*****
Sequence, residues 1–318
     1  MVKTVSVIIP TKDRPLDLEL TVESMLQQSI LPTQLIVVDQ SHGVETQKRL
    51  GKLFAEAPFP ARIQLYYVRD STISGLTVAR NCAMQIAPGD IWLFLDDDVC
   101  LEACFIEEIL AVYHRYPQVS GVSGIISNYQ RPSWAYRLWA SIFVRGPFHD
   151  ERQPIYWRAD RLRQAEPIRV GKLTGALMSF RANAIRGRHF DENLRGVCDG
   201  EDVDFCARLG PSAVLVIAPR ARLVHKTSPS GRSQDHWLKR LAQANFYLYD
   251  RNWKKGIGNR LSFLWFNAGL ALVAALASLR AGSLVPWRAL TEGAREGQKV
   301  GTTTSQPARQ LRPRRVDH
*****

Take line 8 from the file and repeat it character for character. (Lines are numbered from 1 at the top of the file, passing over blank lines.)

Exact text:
   301  GTTTSQPARQ LRPRRVDH